A. Kishon, P. Hudak, and C. Consel. Monitoring semantics: a formal framework for specifying, implementing and reasoning about execution monitors. ACM Sigplan Notices, 26(6):338–352, 1991.CrossRefGoogle Scholar
  21. 21.
    D. Miller and G. Nadathur. A logicp rogramming approach to manipulating formulas and programs. In Fifth Int. Conf. and Symp. Logic Programming. IEEE, Computer Society Press, 1987.Google Scholar
  22. 22.
    S. Moroshita and M. Numao. Prolog computation model BPM and its debugger PROEDIT2. In 5th Int. Conf. Logic Programming, pages 147–158. Springer-Verlag, 1986.Google Scholar
  23. 23.
    G. Nadathur and D. A. Miller. An overview of ?Prolog. In R. A. Kowalski and K. A. Bowen, editors, Joint Int. Conf. and Symp. Logic Programming, pages 810–827. MIT Press, 1988.Google Scholar
  24. 24.
    T. Nicholson and N. Foo. A denotational semantics for Prolog. ACM Transactions on Programming Languages and Systems, 11(4):650–665, 1989.CrossRefGoogle Scholar
  25. 25.
    A. Pettorossi and M Proietti. Transformation of logicpro grams: Foundations and techniques. Journal of Logic Programming, 19 & 20:261–320, 1994.CrossRefMathSciNetGoogle Scholar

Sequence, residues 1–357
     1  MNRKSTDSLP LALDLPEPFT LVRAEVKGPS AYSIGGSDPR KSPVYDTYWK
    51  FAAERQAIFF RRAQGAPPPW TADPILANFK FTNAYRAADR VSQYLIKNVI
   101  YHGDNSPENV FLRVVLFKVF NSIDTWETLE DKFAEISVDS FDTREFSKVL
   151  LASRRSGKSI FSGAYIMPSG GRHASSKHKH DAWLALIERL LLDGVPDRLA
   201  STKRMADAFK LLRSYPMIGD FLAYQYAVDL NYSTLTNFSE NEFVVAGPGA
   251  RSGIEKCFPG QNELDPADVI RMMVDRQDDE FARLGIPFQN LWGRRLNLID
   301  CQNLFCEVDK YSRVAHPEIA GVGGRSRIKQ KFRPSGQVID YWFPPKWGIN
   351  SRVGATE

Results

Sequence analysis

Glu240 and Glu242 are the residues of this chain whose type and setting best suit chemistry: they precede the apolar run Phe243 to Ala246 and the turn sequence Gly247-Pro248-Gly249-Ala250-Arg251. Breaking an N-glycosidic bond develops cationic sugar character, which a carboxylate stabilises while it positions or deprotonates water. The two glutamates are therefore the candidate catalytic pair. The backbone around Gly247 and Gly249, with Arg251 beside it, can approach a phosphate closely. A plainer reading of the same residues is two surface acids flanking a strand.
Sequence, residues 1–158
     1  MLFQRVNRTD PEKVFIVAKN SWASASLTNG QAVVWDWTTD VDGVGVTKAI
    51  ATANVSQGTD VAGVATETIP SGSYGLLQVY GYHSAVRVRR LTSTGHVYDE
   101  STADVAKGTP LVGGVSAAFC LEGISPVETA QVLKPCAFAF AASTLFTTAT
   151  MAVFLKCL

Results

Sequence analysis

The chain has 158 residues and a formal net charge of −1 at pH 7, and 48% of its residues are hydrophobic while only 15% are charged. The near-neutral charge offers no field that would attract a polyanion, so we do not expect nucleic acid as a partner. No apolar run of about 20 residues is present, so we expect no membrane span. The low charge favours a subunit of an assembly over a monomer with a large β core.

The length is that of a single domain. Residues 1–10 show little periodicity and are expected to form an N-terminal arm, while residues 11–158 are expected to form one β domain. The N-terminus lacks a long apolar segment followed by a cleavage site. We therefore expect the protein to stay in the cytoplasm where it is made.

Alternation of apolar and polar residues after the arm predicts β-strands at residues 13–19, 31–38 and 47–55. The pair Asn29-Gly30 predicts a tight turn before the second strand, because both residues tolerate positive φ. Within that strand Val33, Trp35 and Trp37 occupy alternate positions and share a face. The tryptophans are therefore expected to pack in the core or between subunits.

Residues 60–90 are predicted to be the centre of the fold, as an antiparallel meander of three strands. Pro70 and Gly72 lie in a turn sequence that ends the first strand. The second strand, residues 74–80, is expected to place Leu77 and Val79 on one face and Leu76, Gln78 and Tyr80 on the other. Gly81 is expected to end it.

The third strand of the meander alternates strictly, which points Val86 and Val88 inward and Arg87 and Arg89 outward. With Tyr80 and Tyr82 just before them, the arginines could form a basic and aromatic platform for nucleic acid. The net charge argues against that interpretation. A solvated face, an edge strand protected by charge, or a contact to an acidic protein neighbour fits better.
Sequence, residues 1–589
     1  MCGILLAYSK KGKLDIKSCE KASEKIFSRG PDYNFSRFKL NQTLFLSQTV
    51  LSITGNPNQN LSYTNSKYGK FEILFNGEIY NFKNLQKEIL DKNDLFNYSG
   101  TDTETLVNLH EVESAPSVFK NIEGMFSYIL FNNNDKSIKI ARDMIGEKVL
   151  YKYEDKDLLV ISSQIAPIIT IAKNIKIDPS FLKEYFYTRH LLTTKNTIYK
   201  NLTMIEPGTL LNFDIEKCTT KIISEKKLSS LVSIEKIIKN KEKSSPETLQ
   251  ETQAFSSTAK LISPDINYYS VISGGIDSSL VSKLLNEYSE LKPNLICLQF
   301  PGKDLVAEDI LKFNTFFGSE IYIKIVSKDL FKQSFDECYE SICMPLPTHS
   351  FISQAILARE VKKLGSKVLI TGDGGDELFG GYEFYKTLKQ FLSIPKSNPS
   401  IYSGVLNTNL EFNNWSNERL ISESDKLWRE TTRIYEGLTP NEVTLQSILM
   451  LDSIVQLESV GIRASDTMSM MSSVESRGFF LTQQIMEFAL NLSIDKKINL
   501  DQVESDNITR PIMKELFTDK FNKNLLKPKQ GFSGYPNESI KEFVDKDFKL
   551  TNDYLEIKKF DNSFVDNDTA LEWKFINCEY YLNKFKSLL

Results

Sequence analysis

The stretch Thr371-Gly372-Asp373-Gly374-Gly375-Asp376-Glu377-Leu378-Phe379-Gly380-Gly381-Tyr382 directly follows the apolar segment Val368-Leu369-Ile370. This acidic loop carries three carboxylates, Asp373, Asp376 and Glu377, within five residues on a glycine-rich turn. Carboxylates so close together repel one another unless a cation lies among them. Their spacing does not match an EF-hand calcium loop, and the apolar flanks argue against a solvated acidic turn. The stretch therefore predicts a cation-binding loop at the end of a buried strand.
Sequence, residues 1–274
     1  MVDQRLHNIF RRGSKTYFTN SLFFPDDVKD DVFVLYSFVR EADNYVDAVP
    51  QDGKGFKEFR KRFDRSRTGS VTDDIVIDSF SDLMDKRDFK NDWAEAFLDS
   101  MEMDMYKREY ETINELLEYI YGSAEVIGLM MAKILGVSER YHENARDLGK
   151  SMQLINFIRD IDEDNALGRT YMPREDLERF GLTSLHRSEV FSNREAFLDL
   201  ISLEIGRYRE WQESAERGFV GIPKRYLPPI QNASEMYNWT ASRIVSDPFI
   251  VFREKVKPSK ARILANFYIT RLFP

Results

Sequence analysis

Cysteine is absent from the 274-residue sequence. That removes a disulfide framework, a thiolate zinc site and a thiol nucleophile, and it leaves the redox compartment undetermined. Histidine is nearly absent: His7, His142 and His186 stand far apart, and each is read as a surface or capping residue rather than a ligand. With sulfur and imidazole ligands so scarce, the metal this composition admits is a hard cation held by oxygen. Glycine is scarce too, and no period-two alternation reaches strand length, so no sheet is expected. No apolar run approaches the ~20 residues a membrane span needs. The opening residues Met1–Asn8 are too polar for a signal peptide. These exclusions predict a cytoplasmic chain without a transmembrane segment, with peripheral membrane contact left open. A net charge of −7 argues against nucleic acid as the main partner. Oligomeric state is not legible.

26. 26.
    G. D. Plotkin. A structural approach to operational semantics. Technical Report DAIMI FN-19, Computer Science Department, Aarhus University, 1981.Google Scholar
  27. 27.
    M. Proietti and A. Pettorossi. Semantics preserving transformation rules for Prolog. In Symp. on Partial Evaluation and Semantics-Based Program Manipulation, pages 274–284. ACM Press, 1991. Sigplan Notices 26:9.Google Scholar
  28. 28.
    A. Schleiermacher and J. F. H. Winkler. The implementation of ProTest, a Prolog Debugger for a refined box model. Software Practice and Experience, 20, 1990.Google Scholar
  29. 29.
    F. Q. B. Da Silva. Correctness Proofs of Compilers and Debuggers: an Approach Based on Structural Operational Semantics. PhD thesis, Univ. of Edinburgh, 1991.Google Scholar
  30. 30.
    G. Tobermann and C. Beckstein. What’s in a trace: The box model revisited. In Peter Fritzon, editor, AADEBUG, volume 749 of LNCS. Springer-Verlag, 1993.Google Scholar

Copyright information

© Springer-Verlag Berlin Heidelberg 2001

Authors and Affiliations

  • Erwan Jahier
    • 1
  • Mireille Ducassé
    • 1
  • Olivier Ridoux
    • 1
  1. 1.IRISA-INSA-IFSICCampus Universitaire de BeaulieuRENNES CedexFrance

Personalised recommendations